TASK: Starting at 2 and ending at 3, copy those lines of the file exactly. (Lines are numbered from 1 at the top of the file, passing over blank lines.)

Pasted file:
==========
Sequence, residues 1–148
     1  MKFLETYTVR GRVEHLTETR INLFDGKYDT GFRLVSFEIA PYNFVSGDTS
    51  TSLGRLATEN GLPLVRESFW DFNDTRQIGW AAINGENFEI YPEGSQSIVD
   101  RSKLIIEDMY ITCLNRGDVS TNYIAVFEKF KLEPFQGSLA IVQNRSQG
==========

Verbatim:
     1  MKFLETYTVR GRVEHLTETR INLFDGKYDT GFRLVSFEIA PYNFVSGDTS
    51  TSLGRLATEN GLPLVRESFW DFNDTRQIGW AAINGENFEI YPEGSQSIVD